Calcutta, Dec. 15: A senior BSF officer has admitted in an internal bulletin that personnel manning India’s borders are often ill-treated by their seniors and denied leave that they deserve.
“Superior officers of the force treat the subordinates very badly…. At functions like foundation day celebrations and barakhana, the superiors and their family members get very good treatment while the families of lower-rank personnel are not even asked to take seats,” deputy inspector-general (administration) P.K. Mishra wrote.
The barakhana or “grand feast” is organised on occasions such as the Independence Day or Republic Day.
In the article titled “Jawano ke prati upeksha kyun (why this ill-treatment of jawans), published in a quarterly bulletin, Mishra also wrote: “Most of the superior officers are insensitive to the needs of their subordinates, like sanctioning of emergency leave to attend to an ailing family member.”
The Telegraph had reported in August that around 30 jawans posted in south Bengal were believed to have committed suicide in the past year, though the officials put the figure at half the number.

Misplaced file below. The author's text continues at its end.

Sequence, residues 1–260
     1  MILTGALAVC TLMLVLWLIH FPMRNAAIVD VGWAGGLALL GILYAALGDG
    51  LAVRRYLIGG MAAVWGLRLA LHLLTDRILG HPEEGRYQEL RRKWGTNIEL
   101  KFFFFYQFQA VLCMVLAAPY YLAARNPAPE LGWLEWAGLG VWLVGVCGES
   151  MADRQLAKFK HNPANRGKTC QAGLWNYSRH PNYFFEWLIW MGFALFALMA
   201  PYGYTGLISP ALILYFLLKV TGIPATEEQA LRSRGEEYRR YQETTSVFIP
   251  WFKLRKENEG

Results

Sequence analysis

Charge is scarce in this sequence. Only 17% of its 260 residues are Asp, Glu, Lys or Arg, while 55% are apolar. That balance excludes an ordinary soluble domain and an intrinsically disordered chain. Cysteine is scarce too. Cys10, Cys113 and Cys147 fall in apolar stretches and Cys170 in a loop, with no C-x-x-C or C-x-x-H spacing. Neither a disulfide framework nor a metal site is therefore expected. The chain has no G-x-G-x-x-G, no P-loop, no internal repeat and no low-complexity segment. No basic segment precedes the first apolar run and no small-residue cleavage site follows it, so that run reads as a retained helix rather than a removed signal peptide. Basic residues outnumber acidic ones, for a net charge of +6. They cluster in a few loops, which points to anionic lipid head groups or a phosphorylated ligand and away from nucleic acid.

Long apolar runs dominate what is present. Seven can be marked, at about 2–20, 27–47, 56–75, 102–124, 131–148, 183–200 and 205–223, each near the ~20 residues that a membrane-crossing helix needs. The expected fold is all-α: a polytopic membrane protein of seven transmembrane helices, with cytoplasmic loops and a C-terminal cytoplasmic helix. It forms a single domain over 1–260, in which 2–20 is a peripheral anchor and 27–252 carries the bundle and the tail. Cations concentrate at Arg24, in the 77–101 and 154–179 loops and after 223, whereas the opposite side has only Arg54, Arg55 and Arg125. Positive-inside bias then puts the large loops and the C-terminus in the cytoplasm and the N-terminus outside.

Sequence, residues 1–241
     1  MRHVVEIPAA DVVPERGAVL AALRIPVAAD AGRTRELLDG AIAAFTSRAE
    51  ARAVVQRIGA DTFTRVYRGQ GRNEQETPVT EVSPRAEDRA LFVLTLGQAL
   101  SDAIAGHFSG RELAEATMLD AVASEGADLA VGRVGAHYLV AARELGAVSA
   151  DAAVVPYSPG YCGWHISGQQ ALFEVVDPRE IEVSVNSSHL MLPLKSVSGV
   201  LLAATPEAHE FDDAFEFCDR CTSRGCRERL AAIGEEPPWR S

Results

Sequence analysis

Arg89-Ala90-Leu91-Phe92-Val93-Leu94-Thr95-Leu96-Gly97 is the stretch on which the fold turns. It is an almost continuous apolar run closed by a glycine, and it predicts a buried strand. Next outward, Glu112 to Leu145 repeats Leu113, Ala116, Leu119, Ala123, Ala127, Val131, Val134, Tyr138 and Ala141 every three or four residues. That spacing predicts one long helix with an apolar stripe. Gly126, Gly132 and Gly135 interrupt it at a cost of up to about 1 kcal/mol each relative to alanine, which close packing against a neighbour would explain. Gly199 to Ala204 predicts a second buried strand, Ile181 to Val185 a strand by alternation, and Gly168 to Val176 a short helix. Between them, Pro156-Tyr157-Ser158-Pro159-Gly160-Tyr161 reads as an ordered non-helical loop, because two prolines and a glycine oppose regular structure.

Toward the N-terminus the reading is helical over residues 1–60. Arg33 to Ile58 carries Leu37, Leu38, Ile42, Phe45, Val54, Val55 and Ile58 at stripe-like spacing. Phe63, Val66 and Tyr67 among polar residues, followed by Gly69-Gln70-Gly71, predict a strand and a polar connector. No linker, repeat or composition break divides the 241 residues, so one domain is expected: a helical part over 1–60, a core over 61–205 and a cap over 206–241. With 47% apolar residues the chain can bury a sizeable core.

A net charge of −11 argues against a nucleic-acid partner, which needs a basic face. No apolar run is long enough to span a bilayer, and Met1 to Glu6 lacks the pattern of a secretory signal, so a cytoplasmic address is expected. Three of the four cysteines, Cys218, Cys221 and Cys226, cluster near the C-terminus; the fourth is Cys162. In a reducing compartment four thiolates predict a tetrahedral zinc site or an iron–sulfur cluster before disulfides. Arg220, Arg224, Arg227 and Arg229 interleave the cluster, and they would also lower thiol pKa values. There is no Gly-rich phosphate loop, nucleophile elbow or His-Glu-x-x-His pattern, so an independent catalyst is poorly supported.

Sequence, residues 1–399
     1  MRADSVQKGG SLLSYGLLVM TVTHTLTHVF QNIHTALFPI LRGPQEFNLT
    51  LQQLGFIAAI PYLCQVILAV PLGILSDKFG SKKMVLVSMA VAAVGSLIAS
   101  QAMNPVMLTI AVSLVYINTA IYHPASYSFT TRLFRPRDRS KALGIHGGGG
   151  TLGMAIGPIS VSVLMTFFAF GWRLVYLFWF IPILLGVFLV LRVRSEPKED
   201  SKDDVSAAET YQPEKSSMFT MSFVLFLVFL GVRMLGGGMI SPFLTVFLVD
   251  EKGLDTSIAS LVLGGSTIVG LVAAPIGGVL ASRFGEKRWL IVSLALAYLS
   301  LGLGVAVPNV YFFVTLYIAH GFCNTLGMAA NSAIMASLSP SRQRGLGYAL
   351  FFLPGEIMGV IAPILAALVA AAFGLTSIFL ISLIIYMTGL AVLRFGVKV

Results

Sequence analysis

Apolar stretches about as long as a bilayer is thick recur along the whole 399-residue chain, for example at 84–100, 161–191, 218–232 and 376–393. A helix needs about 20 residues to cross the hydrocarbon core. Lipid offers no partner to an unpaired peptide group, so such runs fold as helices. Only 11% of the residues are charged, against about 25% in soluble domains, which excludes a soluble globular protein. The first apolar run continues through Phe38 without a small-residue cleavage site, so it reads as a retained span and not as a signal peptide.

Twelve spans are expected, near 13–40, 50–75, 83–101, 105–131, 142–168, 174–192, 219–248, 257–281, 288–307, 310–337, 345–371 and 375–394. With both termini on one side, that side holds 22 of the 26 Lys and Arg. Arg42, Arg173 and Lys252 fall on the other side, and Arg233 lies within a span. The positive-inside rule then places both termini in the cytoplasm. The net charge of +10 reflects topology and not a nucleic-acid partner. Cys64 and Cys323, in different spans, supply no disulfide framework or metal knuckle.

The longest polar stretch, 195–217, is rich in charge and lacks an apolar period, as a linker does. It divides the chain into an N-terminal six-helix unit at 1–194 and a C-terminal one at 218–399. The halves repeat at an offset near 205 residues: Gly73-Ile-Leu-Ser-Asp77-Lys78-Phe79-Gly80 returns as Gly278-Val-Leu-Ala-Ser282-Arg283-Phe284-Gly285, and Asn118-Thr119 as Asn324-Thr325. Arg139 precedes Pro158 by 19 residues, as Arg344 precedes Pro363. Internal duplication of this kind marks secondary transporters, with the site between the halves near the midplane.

“Our jawans manning the border day and night are being denied proper lodging, transport and other infrastructural facilities, while superior officers and politicians enjoy all advantages,” Mishra wrote.
The article — published from the BSF’s Delhi headquarters — has created ripples in all its divisions.
A jawan at the Bangladesh border in North 24-Parganas’ Basirhat, about 80 km from Calcutta, said “some senior officers” visited his post around the time the article was published. “We told them about our ordeal but nothing has been done as yet,” he said.
Sources said tents meant for five jawans often house eight. “TV sets for jawans make their way into officers’ quarters and jawans’ vehicles ferry officers’ families.”